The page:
September 10, 2019

welding career

It’s an essential process for aspiring welders to learning, but how exactly does it work, and why do you need it in your welding career? Shielded metal arc welding (SMAW)—known by some as “stick welding”—is where a weld is made through an electric current that forms an arc between a weld pool and a flux-covered electrode, leading to the formation of gases that shield the weld pool and give it a layer of slag. As a result, the weld is protected from contamination.

Being one of the most basic and oldest welding techniques, SMAW may seem at first like it has a big learning curve, but it is actually quite simple once you’ve fully understood its inner workings. Here’s how SMAW works, and how it can be helpful for you and your welding career.

Those in Welding Technician Training Should Familiarize Themselves With the Process

Since it’s one of the simplest processes in welding, it goes without saying that those hoping to have a career in the profession should understand how shielded metal arc welding works. First, the electrode briefly comes into contact with the workpiece, striking the arc, which results in parts of the electrode being passed onto the weld pool before the covering disintegrates and forms protective gases. With the power source connected to a circuit, one of its two output terminals makes a connection with the electrode either with alternating current or direct current. Additionally, SMAW electrodes contain covering with various elements and materials that allow the welding process to be carried out, as not having the covering would make the arc hard to maintain and cause the weld bead to be improperly shaped.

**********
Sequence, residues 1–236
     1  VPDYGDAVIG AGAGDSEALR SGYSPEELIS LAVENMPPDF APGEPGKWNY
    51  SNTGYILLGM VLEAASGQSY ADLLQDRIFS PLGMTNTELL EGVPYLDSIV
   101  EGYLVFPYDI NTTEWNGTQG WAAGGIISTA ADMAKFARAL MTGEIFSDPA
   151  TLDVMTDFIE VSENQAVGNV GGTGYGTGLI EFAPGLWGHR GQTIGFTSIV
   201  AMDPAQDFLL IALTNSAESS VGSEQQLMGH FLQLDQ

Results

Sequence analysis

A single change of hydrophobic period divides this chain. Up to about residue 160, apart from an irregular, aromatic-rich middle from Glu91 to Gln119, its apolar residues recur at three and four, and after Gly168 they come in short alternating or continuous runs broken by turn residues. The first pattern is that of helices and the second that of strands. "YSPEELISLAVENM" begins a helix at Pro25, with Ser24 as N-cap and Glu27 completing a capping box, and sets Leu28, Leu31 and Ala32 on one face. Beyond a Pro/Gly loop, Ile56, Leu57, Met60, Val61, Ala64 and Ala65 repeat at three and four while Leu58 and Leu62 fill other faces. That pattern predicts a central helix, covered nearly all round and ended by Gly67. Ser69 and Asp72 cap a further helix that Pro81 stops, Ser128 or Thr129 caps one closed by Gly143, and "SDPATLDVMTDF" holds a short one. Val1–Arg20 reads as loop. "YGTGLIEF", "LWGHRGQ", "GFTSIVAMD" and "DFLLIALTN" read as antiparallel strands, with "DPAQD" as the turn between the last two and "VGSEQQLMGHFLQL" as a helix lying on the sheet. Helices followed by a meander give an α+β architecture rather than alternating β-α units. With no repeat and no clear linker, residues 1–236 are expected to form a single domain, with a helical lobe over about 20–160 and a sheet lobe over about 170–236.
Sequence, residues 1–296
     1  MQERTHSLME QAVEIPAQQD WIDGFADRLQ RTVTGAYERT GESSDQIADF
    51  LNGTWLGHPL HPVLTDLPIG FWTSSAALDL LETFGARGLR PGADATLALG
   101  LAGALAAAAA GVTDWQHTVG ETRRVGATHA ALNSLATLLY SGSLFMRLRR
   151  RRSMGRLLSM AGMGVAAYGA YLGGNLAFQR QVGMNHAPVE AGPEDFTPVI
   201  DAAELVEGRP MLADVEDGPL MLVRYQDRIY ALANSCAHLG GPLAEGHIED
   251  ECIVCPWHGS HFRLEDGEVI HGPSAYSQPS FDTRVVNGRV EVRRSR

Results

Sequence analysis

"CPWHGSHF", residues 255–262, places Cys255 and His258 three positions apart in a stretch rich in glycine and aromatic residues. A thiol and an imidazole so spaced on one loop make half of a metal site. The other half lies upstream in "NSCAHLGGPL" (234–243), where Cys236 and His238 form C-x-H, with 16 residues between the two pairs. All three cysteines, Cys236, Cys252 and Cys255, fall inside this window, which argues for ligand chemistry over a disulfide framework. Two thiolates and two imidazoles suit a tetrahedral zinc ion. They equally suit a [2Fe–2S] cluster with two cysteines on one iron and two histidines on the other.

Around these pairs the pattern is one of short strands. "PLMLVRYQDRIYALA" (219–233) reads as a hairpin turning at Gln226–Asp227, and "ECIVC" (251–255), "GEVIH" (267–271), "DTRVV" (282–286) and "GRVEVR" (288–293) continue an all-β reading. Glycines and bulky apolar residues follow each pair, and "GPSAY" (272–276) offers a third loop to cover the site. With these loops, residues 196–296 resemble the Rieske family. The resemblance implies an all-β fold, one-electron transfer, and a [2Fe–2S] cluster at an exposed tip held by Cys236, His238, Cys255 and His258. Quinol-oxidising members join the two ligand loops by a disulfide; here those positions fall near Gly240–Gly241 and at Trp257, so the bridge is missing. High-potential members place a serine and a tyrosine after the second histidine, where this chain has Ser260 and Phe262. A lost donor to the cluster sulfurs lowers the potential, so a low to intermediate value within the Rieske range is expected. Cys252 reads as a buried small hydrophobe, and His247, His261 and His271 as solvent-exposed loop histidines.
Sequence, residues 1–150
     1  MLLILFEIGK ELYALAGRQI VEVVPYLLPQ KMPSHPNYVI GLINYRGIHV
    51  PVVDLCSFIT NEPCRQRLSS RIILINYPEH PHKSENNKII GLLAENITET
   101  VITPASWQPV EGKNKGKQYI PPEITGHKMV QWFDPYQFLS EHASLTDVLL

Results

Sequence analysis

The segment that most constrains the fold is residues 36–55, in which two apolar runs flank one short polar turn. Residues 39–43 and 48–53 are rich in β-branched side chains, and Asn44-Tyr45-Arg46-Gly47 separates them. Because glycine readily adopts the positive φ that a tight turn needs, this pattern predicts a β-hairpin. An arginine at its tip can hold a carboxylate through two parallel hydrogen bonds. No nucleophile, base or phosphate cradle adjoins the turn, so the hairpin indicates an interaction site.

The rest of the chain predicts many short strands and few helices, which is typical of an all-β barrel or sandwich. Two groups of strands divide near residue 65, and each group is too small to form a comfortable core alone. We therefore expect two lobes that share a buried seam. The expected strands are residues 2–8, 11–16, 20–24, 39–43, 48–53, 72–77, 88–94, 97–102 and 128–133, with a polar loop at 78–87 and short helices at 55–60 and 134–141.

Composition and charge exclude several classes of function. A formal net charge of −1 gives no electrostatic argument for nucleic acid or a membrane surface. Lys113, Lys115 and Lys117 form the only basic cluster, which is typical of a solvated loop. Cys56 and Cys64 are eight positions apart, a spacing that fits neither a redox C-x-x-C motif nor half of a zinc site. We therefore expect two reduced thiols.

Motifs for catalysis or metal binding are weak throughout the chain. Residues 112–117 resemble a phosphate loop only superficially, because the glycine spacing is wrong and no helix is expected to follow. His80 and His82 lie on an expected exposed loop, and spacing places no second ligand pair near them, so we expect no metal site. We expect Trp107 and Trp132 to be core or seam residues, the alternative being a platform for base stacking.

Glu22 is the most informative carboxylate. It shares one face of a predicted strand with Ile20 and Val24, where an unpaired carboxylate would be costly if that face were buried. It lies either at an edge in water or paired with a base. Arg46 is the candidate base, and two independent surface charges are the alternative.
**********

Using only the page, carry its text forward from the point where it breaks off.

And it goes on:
During SMAW, the covering of the electrode disintegrates to form protective gases
During SMAW, the covering of the electrode disintegrates to form protective gases

Shielded Metal Arc Welding Needs to Meet Three Criteria to Work

Since SMAW is something you’ll learn in welding technician training, it’s important to remember that there are three steps the electrode in any SMAW application must take to properly weld. These are the ability to shield both the weld metal and the arc, the adding of metal to the weld, and the ability to sustain the arc. Furthermore, SMAW has three additional functions when the covering is heated well enough, which are the formation of the shield for the metal and the arc; the covering ionizing so that it can support the arc plasma; and the fluxing of the metal so it forms a cover on the weld bead as it cools, eventually giving off gases to avoid any contamination to the weld.

SMAW isn’t as sensitive to wind as gas shielded arc welding can be
SMAW isn’t as sensitive to wind as gas shielded arc welding can be

There Are Many Upsides to This Type of Welding—and Various Things it Can Weld, Too

The advantages of performing SMAW for your welding career are vast. Not only can it suitably weld a number of different alloys, metals and steels, but it’s also a process with various other upsides, not the least of which are its simplicity and relatively inexpensive nature. For example, the SMAW process isn’t as draft or wind-sensitive as gas shielded arc welding can be, nor does it necessitate the use of auxiliary gas shields. SMAW can also be applied to various welding positions, as well as its electrodes being able to access, and be applied to, hard-to-reach areas such as blind spots. Given how versatile and productive the process can be, it’s easy to see how advantageous it is for many welding projects.